Half-baked heroes in a half-shell
“How are you holding up in there? Do you think you’re getting close to the end yet? It’s like there’s no end to this place,” asked April O’Neil, as I navigated the Teenage Mutant Ninja Turtles down yet another floor of, as she noted, seemingly endless sewers. “Tell me about it,” I thought. Raphael’s sarcasm hadn’t rubbed off on me; Teenage Mutant Ninja Turtles: Mutants in Manhattan‘s dull level design had put me in a foul mood.
I was at least 15 floors deep, and nothing of consequence had happened on at least 13 of them. The quartet dutifully explored each mini-labyrinth, fought a few brief fights, and picked up a handful of not-all-that-important collectibles while looking for the exit to take them to another mini-labyrinth where the process would repeat. An interesting battle against Armaggon wasn’t enough to erase the memory of that 20 minutes of tedium.
Teenage Mutant Ninja Turtles: Mutants in Manhattan (PC, PS3, PS4, Xbox 360, Xbox One [reviewed])
Developer: Platinum Games
Released: May 24, 2016
MSRP: $39.99 (PC), $49.99 (Console)
That’s how the entirety of Mutants in Manhattan goes. Genuinely tense boss fights are spaced out by almost a half-hour’s worth of padding, all throwaway encounters. Protect some ATMs, disarm some bombs, move some gold — each is just “beat up all the bad guys” by a different name. There’s no circumventing this, as every level requires a certain number of these missions to be completed before the prompt appears to go face off against the boss.
It doesn’t take much time at all before this process grates. Although the campaign is only maybe six hours on normal difficulty, the game wears out its welcome quickly. Save for the subway, each setting is used for two different levels, meaning that the player has seen most of what there is to see long before the experience is over. There isn’t much to Mutants in Manhattan and almost half of it is a retread.
The dressing is decidedly mediocre, and Mutants in Manhattan‘s core is similarly pedestrian. Built on Platinum Games’ signature (and usually good) two-button combat system, the fighting here just feels kind of off. Light and heavy attacks lack much-needed weight, seeming completely ineffective against more challenging foes. The defensive dodge/parry scheme is extremely difficult to execute with regular competency; four turtles and more enemies on the screen often sacrifices precision for a clusterfuck of wild attacks.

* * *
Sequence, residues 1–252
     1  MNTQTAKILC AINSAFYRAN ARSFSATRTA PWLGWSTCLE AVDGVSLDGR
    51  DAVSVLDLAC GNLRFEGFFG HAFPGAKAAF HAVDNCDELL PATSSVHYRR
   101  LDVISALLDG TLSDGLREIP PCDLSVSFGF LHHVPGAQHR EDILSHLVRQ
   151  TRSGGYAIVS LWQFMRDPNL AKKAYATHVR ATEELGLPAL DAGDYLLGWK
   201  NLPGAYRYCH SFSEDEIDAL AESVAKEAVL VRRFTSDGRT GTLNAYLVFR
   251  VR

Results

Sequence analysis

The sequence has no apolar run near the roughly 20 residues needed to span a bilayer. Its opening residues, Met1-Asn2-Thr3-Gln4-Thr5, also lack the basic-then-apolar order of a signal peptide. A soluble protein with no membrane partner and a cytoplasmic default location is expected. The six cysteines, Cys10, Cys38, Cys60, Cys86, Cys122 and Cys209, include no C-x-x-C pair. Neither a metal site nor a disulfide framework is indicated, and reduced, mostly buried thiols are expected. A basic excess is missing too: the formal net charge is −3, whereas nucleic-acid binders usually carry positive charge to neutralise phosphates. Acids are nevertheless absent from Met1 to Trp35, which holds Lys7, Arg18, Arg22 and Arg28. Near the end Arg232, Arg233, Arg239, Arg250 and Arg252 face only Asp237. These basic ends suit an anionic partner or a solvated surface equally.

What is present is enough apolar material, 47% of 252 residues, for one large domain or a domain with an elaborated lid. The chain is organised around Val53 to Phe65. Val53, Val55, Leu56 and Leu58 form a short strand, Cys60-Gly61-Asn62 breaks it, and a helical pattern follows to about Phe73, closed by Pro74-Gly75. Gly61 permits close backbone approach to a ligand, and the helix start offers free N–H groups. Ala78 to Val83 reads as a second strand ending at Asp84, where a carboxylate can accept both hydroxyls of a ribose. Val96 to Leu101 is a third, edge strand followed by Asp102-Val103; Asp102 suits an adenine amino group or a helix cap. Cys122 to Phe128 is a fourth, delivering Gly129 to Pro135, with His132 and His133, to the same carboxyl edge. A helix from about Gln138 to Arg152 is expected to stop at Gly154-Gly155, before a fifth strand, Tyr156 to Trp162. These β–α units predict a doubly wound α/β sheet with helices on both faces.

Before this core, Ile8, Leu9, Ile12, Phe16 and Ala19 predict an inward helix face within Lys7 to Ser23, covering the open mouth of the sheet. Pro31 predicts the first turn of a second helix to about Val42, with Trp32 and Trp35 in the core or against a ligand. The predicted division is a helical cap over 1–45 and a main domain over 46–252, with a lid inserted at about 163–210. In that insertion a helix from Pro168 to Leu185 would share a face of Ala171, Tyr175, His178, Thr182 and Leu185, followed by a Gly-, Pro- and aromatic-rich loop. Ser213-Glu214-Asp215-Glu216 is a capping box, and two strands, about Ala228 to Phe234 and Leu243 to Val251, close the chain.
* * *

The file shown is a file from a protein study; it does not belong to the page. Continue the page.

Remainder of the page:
One of Platinum’s guiding pillars for Mutants in Manhattan was that it was foregoing local cooperative play to ensure 60 frames-per-second gameplay. That never happened. The game is locked to 30fps across all platforms (while still only allowing for online multiplayer). It’s hard to say if it’s the sole reason why, but it’s certainly a contributing factor as to why combat is unsatisfying.
Strangely, Mutants in Manhattan has some MMO-like sensibilities, and these are the most gratifying aspects of combat. Each turtle has four assignable special moves, and they can be swapped out and upgraded in a loadout screen. Fighting is less about the skillful mastery of attacking and defending, but more about how and when these special abilities get used, and how they can be used in tandem with the other turtles. Then, after taking advantage of a set of abilities, how quickly another turtle can be switched to in order to use their specials.
For instance, I liked to start tougher battles by using Leonardo’s combo move with another turtle. Then, I’d slow down time so everyone can get some easy shots in. From there, I’d switch to Raphael to stealth attack for big damage. Donatello has a spinning maneuver that works nicely too. Then, it’s over to Michaelangelo for his cheerleading ability, which helps replenish everyone’s specials. During all that, I’d rarely get in close for any normal attacks; it’s usually not worth it.
Despite having my own system, results were almost always mixed. Some battles would go swimmingly — quick and not a single turtle knocked out of action — yet I’d get a B rank. Others, I’d completely botch, but I’d end up with an S rank. It’s a fine summation of a glaring and underlying problem with Mutants in Manhattan: Playing it is confusing and rarely appropriately rewarding. There were just too many fights where I felt like I lucked into performing well. I never felt dominant, and it often seemed like I was somehow succeeding in spite of myself. Simply put: I never felt like I actually knew how to play the game.
As unrewarding as the combat can be, and as much of a slog as the level design is, boss battles are almost Mutants in Manhattan’s saving grace. Seeing some of the most renowned TMNT villains portrayed by Platinum’s slick art direction is a real treat. Fighting them is the unequivocal highlight of the game. As each boss’ seven health bars whittle down, they get increasingly tougher and more aggressive. Toward the end of the fight, your team is often depleted of resources and several turtles are in the pizza room recovering (yeah, there’s a pizza room). Many times I doubted whether I’d end up successful until the very moment the coup de grâce landed.
Then, the developer makes you fight every boss a second time, one after another, completely undoing all the good will it built up.
That exact design decision is emblematic of most everything wrong with Teenage Mutant Ninja Turtles: Mutants in Manhattan. It does its best to spread little content as far as it can possibly go. It’s a very short game that still manages to be far too long. The anchovies on the pizza is that it doesn’t even necessarily succeed where Platinum Games usually excels. Cowabummer.
[This review is based on a retail build of the game provided by the publisher.]